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Macron tells workers protesting job losses to ‘stop wreaking f***ing havoc’

‘Stop stirring s*** up’, the President added

Harry Cockburn
Thursday 05 October 2017 15:43 BST
Emmanuel Macron has faced repeated claims he is a 'President of the rich'
Emmanuel Macron has faced repeated claims he is a 'President of the rich' (Reuters)

French President Emmanuel Macron has generated outrage in France by telling protesting workers battling to save their jobs to “stop wreaking f***ing havoc”.

Mr Macron was visiting a training centre in central France, where workers from GM&S car parts factories were protesting.

As the President spoke, some of the GM&S workers demonstrating outside the building became involved in confrontations with riot police.

During his visit a local Socialist party official told him another factory, 150 miles away from the threatened GM&S plant was in short supply of workers.

Mr Macron reportedly said: “There are some who, rather than wreaking f***ing havoc, would be better off seeking if they could get a job there because some of them have the right qualifications,” the Telegraph reports.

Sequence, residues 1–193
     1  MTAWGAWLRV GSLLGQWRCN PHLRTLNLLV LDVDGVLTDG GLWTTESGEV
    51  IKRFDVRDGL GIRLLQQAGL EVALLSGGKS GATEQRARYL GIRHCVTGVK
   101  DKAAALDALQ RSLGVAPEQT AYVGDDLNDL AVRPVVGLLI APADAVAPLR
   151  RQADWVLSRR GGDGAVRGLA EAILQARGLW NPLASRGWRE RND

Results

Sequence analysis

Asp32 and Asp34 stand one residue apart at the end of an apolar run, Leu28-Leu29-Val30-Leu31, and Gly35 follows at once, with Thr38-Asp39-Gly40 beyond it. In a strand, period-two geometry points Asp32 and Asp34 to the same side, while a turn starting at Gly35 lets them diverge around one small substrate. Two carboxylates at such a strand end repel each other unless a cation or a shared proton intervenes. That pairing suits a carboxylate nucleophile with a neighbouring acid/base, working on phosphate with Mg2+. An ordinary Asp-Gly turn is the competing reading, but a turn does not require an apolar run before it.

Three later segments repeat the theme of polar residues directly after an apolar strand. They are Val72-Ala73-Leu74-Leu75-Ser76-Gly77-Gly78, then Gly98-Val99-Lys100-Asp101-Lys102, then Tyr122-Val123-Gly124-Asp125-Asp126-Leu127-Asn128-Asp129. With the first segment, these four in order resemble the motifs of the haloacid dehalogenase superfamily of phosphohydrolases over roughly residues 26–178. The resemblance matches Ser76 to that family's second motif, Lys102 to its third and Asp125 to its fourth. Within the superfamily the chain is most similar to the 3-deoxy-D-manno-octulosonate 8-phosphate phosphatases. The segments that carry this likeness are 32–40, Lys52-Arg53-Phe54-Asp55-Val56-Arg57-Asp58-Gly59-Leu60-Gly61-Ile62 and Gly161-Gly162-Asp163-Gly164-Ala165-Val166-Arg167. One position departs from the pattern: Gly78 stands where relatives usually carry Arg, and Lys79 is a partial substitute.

He also accused them of “stirring up s***”, French language website reports.

The President has faced repeated claims he is a “president of the rich”, and this week scrapped France’s symbolic wealth tax, immediately sparking remonstrations from opposition parties and unions.

Prime Minister Edouard Philippe estimated some 10,000 people with 35 billion euros worth of assets left in the past 15 years, Reuters reports.

The move has also caused unease among Mr Macron’s centrist majority.

“Yachts, private jets, race horses, races cars or gold ingots are no longer included in the new wealth tax. That can’t be,” Joel Giraud, an allied lawmaker charged with steering the budget through parliamentary committees told Le Parisien.

“These kinds of symbols must be taxed much more. A yacht is bling-bling. It isn’t productive for the economy,” he added.

Under Mr Macron’s recently unveiled budget, corporation tax is also due to be reduced to 25 per cent by 2022 – a substantial drop from its current level of 33 per cent.

“These tax measures from the right wing will have a brutal and violent effect on worsening inequality,” former socialist economy minister Michel Sapin told Paris Match magazine on Tuesday.

Following Mr Macron’s latest outburst France’s socialist party tweeted: “Macron does it again,” and called on him to “watch his language and respect the French people”.

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